The White Sox are currently getting pretty terrible production at the hot corner. Joe Crede has hit .232/.294/.406, which is replacement level, while providing league-average defense. The Sox don't have anyone in the minors who would likely improve on that. Crede was pretty good playing the final third of 2002 but was not good last year and has been worse this year. PECOTA predicted a rebound for him in 2004 and a solid performance over each of the next five years, but that hasn't happened. He's basically performing to his 25th percentile PECOTA level (.240/.292/.413). It's a little encouraging that his BB/PA this season is slightly higher than his 90th percentile BB/PA. Furthermore, his batting average on balls in play has been a pretty bad .239, indicating that maybe his low batting average is a fluke. However, I don't think you can wring much encouragement from either of those figures because his BB/PA are still well below league average (as is his ISOP), and his .239 BABIP is probably not an indication of bad luck since he has a .149 line drive percentage which is way below league average and translates to an expected BABIP even lower than what he's done. Basically, at age 26 he's striking out, walking, and getting extra base hits at the same frequency as he was last year at age 25 and has a terrible batting average that can't be blamed on misfortune. Furthermore, there are no in-season trends that indicate reason for optimism. His performance was terrible in May and July, bad in April, mediocre in August, and good only in June (almost entirely on the basis of hitting a bunch of doubles). There's not much to indicate that this isn't his true performance level and there's not a lot of reason to expect him to improve substantially. A cautious optimist would probably peg Crede as being in the 30th or 40th percentile of major league starting third basemen and a cautious pessimist would probably peg him as being in the 10th to 20th percentile.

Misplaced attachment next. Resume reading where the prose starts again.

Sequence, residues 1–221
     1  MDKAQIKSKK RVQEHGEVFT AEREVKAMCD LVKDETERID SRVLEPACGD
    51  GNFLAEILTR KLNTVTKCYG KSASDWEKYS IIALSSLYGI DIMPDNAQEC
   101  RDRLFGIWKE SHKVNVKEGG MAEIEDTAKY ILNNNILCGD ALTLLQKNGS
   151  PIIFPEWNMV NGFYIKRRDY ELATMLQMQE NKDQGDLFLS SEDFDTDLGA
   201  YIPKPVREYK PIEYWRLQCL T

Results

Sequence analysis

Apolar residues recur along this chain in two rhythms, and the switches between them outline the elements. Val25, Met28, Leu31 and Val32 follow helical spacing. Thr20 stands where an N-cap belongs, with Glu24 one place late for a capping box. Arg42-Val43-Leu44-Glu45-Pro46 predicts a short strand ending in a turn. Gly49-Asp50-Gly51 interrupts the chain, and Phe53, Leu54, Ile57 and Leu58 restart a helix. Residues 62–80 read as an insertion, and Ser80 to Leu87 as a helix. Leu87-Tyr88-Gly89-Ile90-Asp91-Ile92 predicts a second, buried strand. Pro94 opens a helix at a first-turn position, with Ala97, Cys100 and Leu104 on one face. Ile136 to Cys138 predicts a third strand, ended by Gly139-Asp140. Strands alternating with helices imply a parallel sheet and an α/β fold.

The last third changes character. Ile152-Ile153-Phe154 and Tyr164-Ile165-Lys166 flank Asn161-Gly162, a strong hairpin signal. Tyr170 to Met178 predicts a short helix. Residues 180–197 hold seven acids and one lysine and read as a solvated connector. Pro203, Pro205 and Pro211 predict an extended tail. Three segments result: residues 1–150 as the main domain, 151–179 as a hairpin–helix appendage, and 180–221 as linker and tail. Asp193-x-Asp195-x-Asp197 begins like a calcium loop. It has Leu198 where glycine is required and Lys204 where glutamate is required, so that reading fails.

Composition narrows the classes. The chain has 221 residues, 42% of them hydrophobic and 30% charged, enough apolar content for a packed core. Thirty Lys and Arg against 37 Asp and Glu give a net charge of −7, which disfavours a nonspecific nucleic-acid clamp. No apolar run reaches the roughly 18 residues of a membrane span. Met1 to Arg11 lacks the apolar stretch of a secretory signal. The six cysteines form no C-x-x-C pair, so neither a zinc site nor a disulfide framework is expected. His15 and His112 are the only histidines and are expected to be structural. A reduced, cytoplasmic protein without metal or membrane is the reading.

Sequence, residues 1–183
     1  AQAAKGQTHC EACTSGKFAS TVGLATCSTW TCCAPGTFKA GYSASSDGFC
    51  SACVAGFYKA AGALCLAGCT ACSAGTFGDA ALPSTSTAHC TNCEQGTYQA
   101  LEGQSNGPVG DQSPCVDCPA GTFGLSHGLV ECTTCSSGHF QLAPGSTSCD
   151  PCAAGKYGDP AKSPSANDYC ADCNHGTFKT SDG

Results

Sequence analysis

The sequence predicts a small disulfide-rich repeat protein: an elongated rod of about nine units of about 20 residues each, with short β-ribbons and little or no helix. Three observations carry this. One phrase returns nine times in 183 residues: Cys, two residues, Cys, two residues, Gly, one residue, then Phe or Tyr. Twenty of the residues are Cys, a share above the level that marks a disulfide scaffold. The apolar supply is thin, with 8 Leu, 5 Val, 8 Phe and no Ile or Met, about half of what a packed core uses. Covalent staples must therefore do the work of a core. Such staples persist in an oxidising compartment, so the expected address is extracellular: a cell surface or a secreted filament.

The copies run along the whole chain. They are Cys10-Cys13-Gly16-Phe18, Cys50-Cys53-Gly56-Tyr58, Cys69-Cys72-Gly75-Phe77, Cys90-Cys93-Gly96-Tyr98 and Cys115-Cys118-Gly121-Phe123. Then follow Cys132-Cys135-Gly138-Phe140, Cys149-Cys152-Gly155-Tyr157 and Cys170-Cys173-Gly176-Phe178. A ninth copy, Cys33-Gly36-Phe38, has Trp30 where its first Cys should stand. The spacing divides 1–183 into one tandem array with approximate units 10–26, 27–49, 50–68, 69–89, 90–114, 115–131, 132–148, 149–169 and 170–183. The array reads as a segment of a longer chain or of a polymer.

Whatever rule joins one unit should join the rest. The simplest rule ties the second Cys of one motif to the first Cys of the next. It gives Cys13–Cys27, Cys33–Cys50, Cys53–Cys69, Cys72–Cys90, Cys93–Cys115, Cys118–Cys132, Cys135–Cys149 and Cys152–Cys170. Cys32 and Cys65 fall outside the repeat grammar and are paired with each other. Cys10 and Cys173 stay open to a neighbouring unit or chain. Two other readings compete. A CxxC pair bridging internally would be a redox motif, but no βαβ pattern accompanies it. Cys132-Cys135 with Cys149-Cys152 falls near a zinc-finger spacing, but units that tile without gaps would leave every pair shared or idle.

What I think about Joe Crede, however, is irrelevant. First of all, any analysis of the White Sox has to start by acknowledging that, with Ken Williams at the helm, we are arguably not analyzing with a rational actor. Ken Williams' MO has been to make deals that have the appearance of making the club better in the short-term without typically doing so (although the Freddy Garcia deal was something of an exception and was arguably a good deal). If White Sox ownership wants to keep the payroll in the low 70's, they can only sign one major free agent (including potentially re-signing Magglio Ordonez), assuming Frank Thomas exercises his $8 million option. If the White Sox discarded Crede and brought in Beltre, they would probably rely on Joe Borchard to take over in right field. I have no idea if that's something Ken Williams would feel comfortable with, nor do I have much of an idea if that's something he should be comfortable with. His MjEqA at AAA was .236 at age 25, and where he goes from here is a big question mark. One of the big concerns on his PECOTA card was his strikeout to walk ratio, and he did improve that substantially this year. But even if Borchard isn't ready, finding a decent right-fielder at a cheap price is much easier than finding a decent third baseman at a cheap price, and Williams does have a penchant for getting Carl Everett on the roster. With Ordonez' age and injuries a concern, benching Crede, letting Ordonez walk, and signing Beltre would probably be the best move for the White Sox if it is feasible. Of course, Scott Boras' habit of stretching out negotiations might mean the Sox have to decide on Ordonez before they can see if they have a shot at Beltre, so this is not clear-cut. Still, the Sox are a clear potential Beltre contender.